Thursday, December 18, 2014

Postcard from Honduras

Brilliant blue-skipper (Paches loxus - I had just one afternoon of warmer, almost sunny, weather during the week on a day trip to Lancetilla -  an hour west of Pico Bonito. Butterflies and dragonflies responded and I saw a lot of new things including this little stunner.

I had a week in Honduras at the end of November, staying at The Lodge at Pico Bonito, which was excellent despite the non-stop rain (just my luck to be hit by a weather-bomb during my stay). The weather made frogging rather good but put a definite dampener on invertebrate activity and prevented me seeing many of the birds I had hoped to track down during the week. That said the place is amazing and if you have a week to spare and you fancy Honduras, this is the place to get to know the country and its wildlife. Great guides, accommodation and food.

 We visited the nearby Rio Santiago Nature Resort on two days. They have an incredible number of hummingbird feeders here and we had nine species of hummer including plenty of fantastic violet-crowned woodnymphs.

Another hummingbird easily spotted at Rio Santiago was the white-necked jacobin.

The Lodge garden was always worth stalking about to see what was coming into the feeders, like this collared aracari.

 Honduras finally produced my first male red-capped manakin, after a number of female/immatures in Belize and Guatemala.

This juvenile boa constrictor (Boa constrictor) was a nice find in the Lodge garden on the last day. A tick for me and yet another Brooke Bond wildlife card moment on tour.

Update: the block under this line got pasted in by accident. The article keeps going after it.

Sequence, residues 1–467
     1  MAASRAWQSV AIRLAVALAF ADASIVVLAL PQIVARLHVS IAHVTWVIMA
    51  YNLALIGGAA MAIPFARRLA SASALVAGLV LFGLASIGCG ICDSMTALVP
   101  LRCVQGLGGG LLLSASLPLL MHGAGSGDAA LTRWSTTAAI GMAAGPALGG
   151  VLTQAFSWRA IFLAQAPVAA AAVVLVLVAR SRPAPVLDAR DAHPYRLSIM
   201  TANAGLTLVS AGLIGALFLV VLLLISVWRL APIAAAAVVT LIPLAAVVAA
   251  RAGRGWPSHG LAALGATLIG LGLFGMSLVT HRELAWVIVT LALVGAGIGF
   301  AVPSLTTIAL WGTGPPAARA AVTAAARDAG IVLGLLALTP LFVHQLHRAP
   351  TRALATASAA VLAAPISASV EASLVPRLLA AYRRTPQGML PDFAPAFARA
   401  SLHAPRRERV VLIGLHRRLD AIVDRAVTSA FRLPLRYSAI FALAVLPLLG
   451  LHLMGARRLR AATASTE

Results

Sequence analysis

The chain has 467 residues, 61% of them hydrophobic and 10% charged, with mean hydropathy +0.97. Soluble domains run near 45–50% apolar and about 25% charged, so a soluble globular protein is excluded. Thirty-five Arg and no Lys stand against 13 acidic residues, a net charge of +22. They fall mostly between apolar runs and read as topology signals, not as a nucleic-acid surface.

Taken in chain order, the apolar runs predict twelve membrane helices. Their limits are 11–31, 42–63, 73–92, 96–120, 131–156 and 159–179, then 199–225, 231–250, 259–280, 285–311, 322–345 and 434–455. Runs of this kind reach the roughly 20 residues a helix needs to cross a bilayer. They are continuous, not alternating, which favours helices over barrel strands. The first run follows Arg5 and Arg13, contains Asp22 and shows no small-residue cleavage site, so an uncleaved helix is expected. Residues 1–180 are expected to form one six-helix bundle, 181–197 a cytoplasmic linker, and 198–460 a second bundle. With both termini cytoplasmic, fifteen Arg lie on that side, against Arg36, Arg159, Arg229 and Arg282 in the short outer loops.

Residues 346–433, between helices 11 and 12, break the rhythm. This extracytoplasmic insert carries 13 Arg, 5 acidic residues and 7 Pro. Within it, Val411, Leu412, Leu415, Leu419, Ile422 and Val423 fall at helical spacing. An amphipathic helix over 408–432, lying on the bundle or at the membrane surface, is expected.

The easy highlight of the week though was two Honduras brook frogs (Duellmanohyla salvavida) on a night walk at Rio Santiago.

 This crazy glass frog (Hyalinobatrachium fleischmanni) was the target of a concerted effort in the rain one evening at at the Rio Santiago Nature Resort with James Adams and some very good local guides. These frogs reflect or absorb light differently than most things!

More Duellmanohyla salvavida - this frog is a critically endangered endemic. They do not get better on the frogging front than this little beauty. The specific name is in honour of the local beer I believe...

 Some crazy invertebrates are attracted to the light at the Lodge, it was not brilliant whilst I was there because of the rain but things like this freaky Odontoptera carrenoi could be found.

 The blunthead tree snake (Imantodes cenchoa) was surprisingly easily found at night around the Lodge.

The animal I most wanted to see at night was the iconic red-eyed treefrog (Agalychnis callidryas). They did not disappoint at the specially-constructed ponds near the Lodge.

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